Ashes ambitions: Ricky Ponting

Ashes ambitions: Ricky Ponting

After skippering Tasmania to defeat in the Sheffield Shield final earlier this week, the Test tour will be his last first-class action until next the Australian summer schedule begins in October.

But he said he would prefer to spend that time with his family after reinvigorating his Test career during the Australian summer.

His place had come under intense scrutiny but after ending a two-year wait for a Test century against India he ended the Australian summer by making 221 in Adelaide to revive the possibility of one last Ashes tour next year.

'I've got to look at what my best preparation is, post the West Indies, and that will probably be to have a couple of months off,' he said.

'It's been a hard 12 months for me personally and around my cricket.

'With things not going as smoothly as I wanted at the start of the year, I had to train harder and work harder on my game and think more about my game than ever before.

'It's taken its toll a little bit, so I need to have a chance to refresh and recharge my batteries and get a solid pre-season under my belt before the Australian summer.'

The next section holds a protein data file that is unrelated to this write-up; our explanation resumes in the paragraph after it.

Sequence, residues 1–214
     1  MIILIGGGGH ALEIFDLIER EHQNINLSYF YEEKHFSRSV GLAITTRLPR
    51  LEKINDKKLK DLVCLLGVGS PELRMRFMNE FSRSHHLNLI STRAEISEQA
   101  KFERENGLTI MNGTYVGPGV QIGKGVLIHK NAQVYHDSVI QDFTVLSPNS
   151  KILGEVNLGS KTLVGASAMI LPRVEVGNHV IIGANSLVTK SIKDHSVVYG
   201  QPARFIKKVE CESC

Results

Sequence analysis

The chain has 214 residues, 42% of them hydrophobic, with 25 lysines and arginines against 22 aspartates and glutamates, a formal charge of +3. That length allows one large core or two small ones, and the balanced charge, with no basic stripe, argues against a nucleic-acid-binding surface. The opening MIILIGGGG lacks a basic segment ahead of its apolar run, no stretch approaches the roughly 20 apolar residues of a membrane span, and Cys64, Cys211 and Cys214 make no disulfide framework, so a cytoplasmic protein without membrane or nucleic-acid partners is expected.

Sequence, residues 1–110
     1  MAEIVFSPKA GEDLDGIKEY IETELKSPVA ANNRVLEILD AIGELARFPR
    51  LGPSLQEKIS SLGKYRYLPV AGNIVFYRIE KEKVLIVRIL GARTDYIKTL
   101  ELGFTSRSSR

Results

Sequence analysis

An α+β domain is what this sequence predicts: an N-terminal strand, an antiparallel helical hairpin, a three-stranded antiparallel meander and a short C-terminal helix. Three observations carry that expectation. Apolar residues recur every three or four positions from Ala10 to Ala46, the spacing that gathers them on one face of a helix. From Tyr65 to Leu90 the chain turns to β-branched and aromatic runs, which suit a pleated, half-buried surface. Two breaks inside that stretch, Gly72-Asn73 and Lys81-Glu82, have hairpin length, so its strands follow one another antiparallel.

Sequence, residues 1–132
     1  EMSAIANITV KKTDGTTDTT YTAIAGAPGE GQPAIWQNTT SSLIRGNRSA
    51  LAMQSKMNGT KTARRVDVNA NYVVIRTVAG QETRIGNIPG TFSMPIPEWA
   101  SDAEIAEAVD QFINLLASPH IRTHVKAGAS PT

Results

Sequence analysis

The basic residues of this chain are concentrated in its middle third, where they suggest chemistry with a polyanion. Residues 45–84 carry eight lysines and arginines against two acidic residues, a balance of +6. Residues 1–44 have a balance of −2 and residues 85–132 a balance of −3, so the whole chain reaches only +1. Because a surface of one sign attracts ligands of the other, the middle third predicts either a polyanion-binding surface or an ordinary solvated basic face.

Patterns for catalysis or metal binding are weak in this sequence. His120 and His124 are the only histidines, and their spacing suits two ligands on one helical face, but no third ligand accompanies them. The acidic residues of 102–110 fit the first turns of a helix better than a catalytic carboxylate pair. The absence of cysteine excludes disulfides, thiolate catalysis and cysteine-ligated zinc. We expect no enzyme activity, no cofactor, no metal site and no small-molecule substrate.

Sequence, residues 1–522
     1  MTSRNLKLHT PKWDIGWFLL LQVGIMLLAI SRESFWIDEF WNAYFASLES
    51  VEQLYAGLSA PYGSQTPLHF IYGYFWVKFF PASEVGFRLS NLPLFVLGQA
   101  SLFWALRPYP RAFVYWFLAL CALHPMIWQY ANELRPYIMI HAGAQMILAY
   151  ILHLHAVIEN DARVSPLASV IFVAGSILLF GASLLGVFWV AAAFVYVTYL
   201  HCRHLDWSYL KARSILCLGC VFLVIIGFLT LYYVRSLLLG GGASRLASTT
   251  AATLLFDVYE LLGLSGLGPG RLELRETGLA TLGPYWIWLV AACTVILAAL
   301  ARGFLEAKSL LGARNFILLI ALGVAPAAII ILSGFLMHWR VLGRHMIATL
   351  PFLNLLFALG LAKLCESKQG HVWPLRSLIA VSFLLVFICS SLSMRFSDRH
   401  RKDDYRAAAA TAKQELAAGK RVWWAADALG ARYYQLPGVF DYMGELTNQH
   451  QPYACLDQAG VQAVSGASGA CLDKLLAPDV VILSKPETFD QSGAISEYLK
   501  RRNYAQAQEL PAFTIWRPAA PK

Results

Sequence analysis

London 2012 Olympics: Ian Thorpe impresses in trials

Thorpe shows signs of old form with impressive showing in Olympic trials

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UPDATED:

06:36 GMT, 16 March 2012

Ian Thorpe advanced to the Men's 200m freestyle semi-final through an impressive heat performance at Australia's National Swimming Championship in Adelaide, which also act as the Olympic trials.

Racing in the seventh of nine heats in the event, the 29-year-old was equal second to finish alongside David McKeon in a time of one minute 49.16 seconds, the pair behind Ryan Napoleon who finished with 1min 48.27secs.

Progress: Ian Thorpe showed signs of his previous form at the trials

Progress: Ian Thorpe showed signs of his previous form at the trials

Thorpe enjoyed a commanding lead heading into the final lap but appeared to slow down considerably as he was overtaken by a fast-finishing Napoleon in the final 25 metres.